Richard Reddaway is an artist and an associate professor of fine arts at Whiti o Rehua School of Art, Te Kunenga ki Pūrehuroa Massey University.
Richard Reddaway has been making physical and photographic sculptures since the mid-1980s. In the early 2000s, Richard found his work was starting to reflect the baroque style that is typical of former Spanish colonies. This led him to visit Mexico, in 2006, where he saw a vibrant, contemporary baroque culture wrestling with its colonial past. Seeing the similarities with New Zealand, he was curious about whether New Zealand’s culture also has baroque tendencies, and whether these manifest in the work of New Zealand’s contemporary artists.
In 2010, Richard met Gonzalo Ortega, director of Mexico’s Museo Universitario de Ciencias y Arte, and subsequently invited him to New Zealand through Te Kunenga ki Pūrehuroa Massey University’s visiting academic programme. Richard and Gonzalo spent two weeks visiting artists throughout New Zealand, learning the similarities and differences between their cultures. This sparked their idea to hold an exhibition of New Zealand art in Mexico called El Barroco de Aotearoa.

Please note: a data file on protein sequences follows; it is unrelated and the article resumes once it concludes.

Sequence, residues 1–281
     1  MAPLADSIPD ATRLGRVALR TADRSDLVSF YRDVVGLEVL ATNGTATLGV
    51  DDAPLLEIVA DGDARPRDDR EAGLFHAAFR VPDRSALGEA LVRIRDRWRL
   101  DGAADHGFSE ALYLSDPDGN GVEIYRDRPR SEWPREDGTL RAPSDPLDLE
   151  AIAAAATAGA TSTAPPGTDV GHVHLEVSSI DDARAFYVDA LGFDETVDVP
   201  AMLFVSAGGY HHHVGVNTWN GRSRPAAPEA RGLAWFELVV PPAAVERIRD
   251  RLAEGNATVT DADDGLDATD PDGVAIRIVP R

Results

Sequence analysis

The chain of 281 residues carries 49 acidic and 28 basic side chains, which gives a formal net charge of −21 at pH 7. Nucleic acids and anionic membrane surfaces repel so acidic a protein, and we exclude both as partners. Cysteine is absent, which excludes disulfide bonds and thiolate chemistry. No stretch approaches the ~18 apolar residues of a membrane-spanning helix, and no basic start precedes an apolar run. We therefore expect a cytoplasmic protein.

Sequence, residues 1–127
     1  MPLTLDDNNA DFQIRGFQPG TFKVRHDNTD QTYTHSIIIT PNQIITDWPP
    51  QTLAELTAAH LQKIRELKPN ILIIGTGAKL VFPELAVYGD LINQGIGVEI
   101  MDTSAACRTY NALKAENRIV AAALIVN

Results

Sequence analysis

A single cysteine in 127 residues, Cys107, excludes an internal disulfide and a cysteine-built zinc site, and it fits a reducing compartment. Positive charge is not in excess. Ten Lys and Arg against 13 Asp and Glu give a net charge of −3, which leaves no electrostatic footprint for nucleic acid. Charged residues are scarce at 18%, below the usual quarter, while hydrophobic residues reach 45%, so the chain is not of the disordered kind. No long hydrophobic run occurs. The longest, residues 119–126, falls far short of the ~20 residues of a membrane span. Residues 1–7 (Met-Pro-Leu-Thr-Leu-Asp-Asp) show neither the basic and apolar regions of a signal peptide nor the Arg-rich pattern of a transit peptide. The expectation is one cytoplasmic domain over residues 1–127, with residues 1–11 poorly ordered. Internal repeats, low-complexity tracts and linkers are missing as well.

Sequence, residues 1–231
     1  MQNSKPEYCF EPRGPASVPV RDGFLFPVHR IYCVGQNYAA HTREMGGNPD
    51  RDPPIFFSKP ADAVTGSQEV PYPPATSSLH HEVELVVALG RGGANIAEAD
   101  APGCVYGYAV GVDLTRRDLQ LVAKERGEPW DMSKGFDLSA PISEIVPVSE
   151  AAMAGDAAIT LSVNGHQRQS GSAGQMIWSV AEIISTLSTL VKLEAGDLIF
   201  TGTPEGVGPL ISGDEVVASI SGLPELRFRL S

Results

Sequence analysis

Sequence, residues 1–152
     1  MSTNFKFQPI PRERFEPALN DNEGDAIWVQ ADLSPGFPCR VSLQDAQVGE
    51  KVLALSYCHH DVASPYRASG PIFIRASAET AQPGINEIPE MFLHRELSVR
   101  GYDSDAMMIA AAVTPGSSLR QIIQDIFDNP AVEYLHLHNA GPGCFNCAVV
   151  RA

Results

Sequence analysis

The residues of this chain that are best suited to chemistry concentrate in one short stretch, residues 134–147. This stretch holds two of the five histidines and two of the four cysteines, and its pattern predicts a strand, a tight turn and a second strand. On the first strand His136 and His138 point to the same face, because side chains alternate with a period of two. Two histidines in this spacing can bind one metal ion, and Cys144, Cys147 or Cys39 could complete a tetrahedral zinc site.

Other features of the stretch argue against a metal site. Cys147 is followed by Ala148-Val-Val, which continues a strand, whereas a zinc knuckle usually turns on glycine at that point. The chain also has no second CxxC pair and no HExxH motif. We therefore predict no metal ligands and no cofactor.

Richard’s interest in Latin America continues to grow. In 2015 he gained a university research award for an art production residency in Puebla, Mexico, and a research residency in Quito, Ecuador. The award is thought to be the first one given to a New Zealand academic by the Government of Mexico. Richard continues to build relationships between academic and diplomatic bodies in Latin America and New Zealand, and this has led many other Mexican artists and academics to visit New Zealand. In 2018, he worked with fellow artists Terry Urbahn and Catherine Bagnall, and staff and students at Pontificia Universidad Católica del Perú, to produce an exhibition in Lima.
In 2023, Richard will lead a study tour for fine arts students to the Bienal de São Paulo, funded by a Prime Minister’s Scholarship.
“The Mexican Embassy in Wellington and New Zealand Embassy in Mexico both recognised the importance of our cultural exchange and how it could build more substantial, long-term relationships between our countries.”
Wellington, New Zealand